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GOP turns focus to ‘cover-ups’ for midterm strategy

The Morning Line

Today in the Morning Line:

  • House GOP targets IRS, Benghazi
  • Benghazi: All about the base and Clinton?
  • Republicans split on fundraising off Benghazi
  • 2014 watch: Aiken waits while Tillis regrets ‘divide and conquer’ comments

House holds Lerner in contempt: The GOP-controlled House voted mostly along party lines Wednesday to hold former IRS official Lois Lerner in contempt for refusing to testify about the agency’s improper targeting of tea party groups seeking tax-exempt status. The chamber also approved a measure calling on Attorney General Eric Holder to appoint a special prosecutor to investigate the IRS’s treatment of conservative groups. This comes less than a week after House Speaker John Boehner announced the formation of a select committee to probe the Obama administration’s handling of the September 2012 terrorist attacks on U.S. diplomatic facilities in Benghazi, Libya. The moves signal the intent of congressional Republicans to make the fall campaign about more than the flawed rollout of the Affordable Care Act. Republicans contend the steps are aimed at holding the administration accountable for its actions. “When is the administration going to tell the American people the truth? They’ve not told the truth about Benghazi, they’ve not told the truth about the I.R.S,” Boehner said Wednesday. (By the way, six Democrats in tough races voted with Republicans on Lerner: Arizona’s Ron Barber, Georgia’s John Barrow, Minnesota’s Collin Peterson, North Carolina’s Mike McIntyre, West Virginia’s Nick Rahall, and Florida’s Patrick Murphy.)

All about the base? In the case of Benghazi, the New York Times’ Jeremy Peters notes that Democrats have accused Republicans of exploiting the attacks to damage former Secretary of State Hillary Clinton’s potential presidential prospects in 2016. “They have to rough her up,” Rep. Jerrold Nadler, D-N.Y. told the Times. “If Hillary announced definitively tomorrow that she had no interest in running for president, I think Benghazi would disappear,” he added. Republicans will surely point to a poll released last month by Fox News showing 60 percent of Americans believe Congress should continue to investigate the administration’s handling of the attacks in Benghazi. That poll, though, didn’t show the issue hurting Clinton; she still led Republican opponents by double digits in hypothetical 2016 match-ups. The question is how much weight the issue will carry with voters in November compared to the economy, health care and other bread-and-butter issues. But, just as Republicans charged that Democrats were merely trying to turn out their base with pushes on the minimum wage and equal pay, Democrats are pointing to politics about the IRS and Benghazi.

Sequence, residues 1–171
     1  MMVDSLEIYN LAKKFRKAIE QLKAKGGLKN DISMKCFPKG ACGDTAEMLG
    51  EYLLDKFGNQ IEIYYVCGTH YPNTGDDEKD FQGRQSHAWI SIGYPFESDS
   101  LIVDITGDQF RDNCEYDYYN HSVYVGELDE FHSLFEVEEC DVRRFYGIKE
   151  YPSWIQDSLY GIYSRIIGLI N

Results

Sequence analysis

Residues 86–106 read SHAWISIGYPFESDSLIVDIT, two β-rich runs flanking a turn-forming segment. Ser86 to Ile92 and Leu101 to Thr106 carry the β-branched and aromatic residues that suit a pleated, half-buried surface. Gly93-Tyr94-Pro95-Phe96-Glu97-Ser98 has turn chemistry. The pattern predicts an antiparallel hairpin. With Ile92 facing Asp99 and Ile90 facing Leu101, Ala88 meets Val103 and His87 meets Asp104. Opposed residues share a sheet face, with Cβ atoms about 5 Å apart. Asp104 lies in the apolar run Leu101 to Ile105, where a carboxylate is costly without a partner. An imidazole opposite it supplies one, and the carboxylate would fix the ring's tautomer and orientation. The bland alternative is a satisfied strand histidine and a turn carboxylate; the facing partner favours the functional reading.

Banking on Benghazi? The new chairman of the select committee tasked with looking into Benghazi, South Carolina GOP Rep. Trey Gowdy, said Wednesday that Republicans should not raise money off “the backs of four murdered Americans.” Yet the National Republican Congressional Committee sent an email to supporters asking them for a donation to become a “Benghazi Watchdog.” Speaker Boehner pledged Wednesday that the investigation would not turn into a “circus,” but the fundraising missive shows how hard it will be for Republicans to resist making political hay (and some money) out of the probe. The risk for Republicans is that the more political the investigation appears, the tougher it will become for Gowdy and the other panel members to convince the BROADER public about the legitimacy of their findings.

2014 wrap — Aiken race: The Clay Aiken race in North Carolina’s second congressional district won’t likely be wrapped up for a week or two. Aiken is up 369 votes out of about 23,000, which is just outside the 1 percent or less margin needed for a candidate to be able to request a recount. (The candidate would have to pay for it, by the way.) According to the North Carolina Board of Elections: Absentee ballots are still out; domestic ones could trickle in until Friday; and it could be until Monday when all overseas and military ballots are received. Aiken challenger Keith Crisco would need to pick up a net of about 100 votes to get inside the 1 percent margin. County canvassing will happen Tuesday. Then Crisco has until 5 p.m. ET Wednesday to file a challenge. Certification likely wouldn’t happen for another week or so if the race isn’t dragged on longer by a recount.